The rights of children involve the right to basic needs such
as food, protection, education and healthcare. They also include the right of
access to both parents and freedom from discrimination on the basis of sex,
gender, race, disability, religion, colour or sexual orientation. They also
have the right to human identity, meaning that they are to be treated within
the universe human rights systems that they are entitled to as they are human.

The rights of children differ from the basic human rights as
some rights such as the right to marry are dormant until the child is of age.
There are also additional rights due to children being more vulnerable meaning
they are entitled to a right of special protection during childhood. There are
also rights that come under the banner of parental powers due to children not
having autonomy over their choices and thus the parents are required to speak
for them for example in issues of law.

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The equality act 2010 brings together all previous acts
relating to equality and discrimination. The act protects all groups and people
from discrimination. This applies to all organisations that provide a service
to the public for example an early year setting i.e. a nursery. All early year’s
settings must have in place a policy regarding the protection of people in the
setting, be it in the equality of opportunities or supporting people with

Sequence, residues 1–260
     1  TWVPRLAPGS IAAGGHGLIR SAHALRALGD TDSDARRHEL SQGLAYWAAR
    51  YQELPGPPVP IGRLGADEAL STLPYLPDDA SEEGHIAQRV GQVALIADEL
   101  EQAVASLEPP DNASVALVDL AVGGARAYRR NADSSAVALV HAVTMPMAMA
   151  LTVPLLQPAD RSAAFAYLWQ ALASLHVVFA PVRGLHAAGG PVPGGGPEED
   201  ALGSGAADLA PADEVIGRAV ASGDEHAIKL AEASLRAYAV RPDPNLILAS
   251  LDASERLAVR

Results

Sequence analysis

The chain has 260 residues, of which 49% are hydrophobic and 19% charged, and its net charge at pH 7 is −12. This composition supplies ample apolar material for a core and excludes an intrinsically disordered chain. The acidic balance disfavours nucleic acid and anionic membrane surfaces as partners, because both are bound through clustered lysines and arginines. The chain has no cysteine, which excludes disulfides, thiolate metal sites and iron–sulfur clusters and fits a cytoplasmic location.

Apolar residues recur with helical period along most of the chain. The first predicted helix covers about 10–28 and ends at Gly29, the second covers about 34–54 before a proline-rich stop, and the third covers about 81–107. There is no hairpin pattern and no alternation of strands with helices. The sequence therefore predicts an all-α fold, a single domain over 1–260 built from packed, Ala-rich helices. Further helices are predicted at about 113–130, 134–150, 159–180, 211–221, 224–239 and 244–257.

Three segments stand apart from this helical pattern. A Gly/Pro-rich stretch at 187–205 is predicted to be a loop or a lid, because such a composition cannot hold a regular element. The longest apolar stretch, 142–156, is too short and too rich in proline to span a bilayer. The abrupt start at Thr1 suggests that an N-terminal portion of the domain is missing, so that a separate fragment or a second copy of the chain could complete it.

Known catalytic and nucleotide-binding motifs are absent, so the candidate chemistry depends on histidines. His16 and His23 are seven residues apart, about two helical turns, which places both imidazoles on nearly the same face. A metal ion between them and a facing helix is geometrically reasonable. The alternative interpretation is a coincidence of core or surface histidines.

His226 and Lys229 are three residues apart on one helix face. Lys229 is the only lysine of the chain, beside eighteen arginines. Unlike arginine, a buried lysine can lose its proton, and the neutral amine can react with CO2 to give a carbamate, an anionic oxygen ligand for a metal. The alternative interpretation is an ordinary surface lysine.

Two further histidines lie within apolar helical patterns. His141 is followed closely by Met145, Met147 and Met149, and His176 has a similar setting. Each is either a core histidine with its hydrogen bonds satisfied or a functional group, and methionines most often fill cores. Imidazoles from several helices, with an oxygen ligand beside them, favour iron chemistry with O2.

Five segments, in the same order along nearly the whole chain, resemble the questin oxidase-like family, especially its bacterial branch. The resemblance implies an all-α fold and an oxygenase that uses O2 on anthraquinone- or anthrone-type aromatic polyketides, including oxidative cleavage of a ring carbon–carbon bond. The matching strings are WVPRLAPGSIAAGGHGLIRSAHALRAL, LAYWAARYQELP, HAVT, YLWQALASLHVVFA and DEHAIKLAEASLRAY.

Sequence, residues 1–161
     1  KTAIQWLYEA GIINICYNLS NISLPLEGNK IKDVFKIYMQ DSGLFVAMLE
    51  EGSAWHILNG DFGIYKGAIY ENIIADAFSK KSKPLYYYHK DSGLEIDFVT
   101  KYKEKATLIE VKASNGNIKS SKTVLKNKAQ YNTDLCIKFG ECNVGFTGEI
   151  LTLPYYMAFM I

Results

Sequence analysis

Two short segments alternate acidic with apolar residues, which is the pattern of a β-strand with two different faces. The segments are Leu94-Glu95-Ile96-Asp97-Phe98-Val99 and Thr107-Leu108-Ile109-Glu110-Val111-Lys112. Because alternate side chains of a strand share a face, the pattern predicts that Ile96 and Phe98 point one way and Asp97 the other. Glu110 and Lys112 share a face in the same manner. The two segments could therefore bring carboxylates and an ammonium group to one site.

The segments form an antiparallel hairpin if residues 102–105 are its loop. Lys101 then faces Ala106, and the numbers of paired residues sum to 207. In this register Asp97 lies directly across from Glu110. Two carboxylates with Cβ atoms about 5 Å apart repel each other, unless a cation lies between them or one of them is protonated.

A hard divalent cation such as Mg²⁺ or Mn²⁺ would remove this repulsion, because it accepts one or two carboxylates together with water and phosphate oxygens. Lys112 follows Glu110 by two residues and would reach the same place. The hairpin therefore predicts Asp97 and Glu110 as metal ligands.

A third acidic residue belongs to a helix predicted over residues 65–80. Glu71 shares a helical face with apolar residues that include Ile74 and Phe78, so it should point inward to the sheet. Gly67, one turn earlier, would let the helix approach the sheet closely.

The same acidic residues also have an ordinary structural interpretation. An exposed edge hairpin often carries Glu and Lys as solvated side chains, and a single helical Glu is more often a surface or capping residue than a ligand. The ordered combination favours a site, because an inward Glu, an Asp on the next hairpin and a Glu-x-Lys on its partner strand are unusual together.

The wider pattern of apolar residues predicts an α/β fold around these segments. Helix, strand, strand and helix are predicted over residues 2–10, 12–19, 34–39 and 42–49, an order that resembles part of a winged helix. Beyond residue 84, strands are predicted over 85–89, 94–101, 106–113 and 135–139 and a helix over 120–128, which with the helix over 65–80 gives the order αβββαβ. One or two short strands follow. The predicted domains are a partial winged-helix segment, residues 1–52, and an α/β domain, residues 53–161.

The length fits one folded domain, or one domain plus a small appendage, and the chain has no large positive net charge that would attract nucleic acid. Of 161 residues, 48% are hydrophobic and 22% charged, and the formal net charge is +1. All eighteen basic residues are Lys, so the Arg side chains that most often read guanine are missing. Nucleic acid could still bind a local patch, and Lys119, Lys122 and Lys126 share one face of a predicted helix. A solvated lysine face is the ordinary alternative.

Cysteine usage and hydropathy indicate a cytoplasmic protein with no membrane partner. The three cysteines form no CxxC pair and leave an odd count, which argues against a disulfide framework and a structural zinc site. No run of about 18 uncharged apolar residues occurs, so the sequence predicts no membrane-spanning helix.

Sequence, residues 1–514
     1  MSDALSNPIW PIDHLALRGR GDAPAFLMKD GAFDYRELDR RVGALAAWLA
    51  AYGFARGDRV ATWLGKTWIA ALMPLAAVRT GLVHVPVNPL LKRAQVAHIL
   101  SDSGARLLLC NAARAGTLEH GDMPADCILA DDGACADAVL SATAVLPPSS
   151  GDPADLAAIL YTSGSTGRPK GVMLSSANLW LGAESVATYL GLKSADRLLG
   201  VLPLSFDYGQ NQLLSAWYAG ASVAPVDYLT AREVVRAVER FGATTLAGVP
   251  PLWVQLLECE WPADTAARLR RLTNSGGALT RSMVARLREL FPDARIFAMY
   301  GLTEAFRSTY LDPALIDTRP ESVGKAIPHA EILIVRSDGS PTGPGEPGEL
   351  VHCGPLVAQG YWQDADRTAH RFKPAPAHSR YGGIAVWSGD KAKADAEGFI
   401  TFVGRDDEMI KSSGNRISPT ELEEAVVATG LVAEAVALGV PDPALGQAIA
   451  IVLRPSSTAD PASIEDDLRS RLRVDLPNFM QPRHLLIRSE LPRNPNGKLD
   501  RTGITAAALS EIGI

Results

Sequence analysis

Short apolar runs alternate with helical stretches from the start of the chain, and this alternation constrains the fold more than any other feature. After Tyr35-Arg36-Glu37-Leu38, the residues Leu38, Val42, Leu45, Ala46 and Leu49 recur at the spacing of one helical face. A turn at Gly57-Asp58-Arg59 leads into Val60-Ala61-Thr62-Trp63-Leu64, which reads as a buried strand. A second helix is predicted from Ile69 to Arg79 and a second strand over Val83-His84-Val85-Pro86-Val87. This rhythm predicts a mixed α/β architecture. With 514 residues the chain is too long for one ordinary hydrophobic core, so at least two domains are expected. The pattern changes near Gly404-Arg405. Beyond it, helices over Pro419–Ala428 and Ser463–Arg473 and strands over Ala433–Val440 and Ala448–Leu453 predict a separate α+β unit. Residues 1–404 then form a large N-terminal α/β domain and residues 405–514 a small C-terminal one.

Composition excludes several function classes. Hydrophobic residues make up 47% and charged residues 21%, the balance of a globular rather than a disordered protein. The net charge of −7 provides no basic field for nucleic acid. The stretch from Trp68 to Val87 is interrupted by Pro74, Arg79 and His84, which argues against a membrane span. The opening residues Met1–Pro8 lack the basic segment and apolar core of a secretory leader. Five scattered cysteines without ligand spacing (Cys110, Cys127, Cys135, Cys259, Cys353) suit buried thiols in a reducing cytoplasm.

additional needs. In my setting this is in the policies and procedures as being
positive towards diversity and differences. There are also SEN and disability
policies that must be incorporated into the practices of the setting my myself
and my colleagues.

The possible consequences of not actively complying with
legislation and codes of practice relating to diversity, equality,
inclusion and discrimination in an early years setting could be disciplinary
action, dismissal, legal action being brought against staff, or the setting and
the possible closure of the setting if it is found to be a fault by the
organisation as a whole.

There are many ways to raise awareness of diversity,
equality and inclusion in an early years setting such as acknowledging and
celebrating a variety of events and festivals from different faiths and
cultures. The environment itself can be made to reflect these practices by
showing diverse images and incorporating different languages in displays and

It is also important for practitioners to learn about the
many different belief’s and cultures that are prevalent in their community to
ensure that they are not misrepresented or disparaged. The organisation as a
whole will encourage diversity, equality and inclusion by allowing anyone equal
opportunity to apply for a role in the setting as staff and to admit anyone
without bias to use the services provided.

My role in helping the children gain understanding about
different cultures and beliefs is to provide the resources and opportunities
for learning. For example, having discussions on an event such as Christmas or
providing activities for the children to engage with around an event such as
making cards for valentine’s day. I am also expected to follow the guidelines
set by my settings policies and procedures, which are influenced by the Equality
Act 2010.

There are many sources available for information and support
to promote diversity and equality in early years such as the internet through
sites such as the EYFS website and the Ofsted website. There are also
guidelines in my settings policies and procedures around inclusion and equal
opportunities. Through working with parents a sense of a child’s family
background is established which can help in providing efficient support to each


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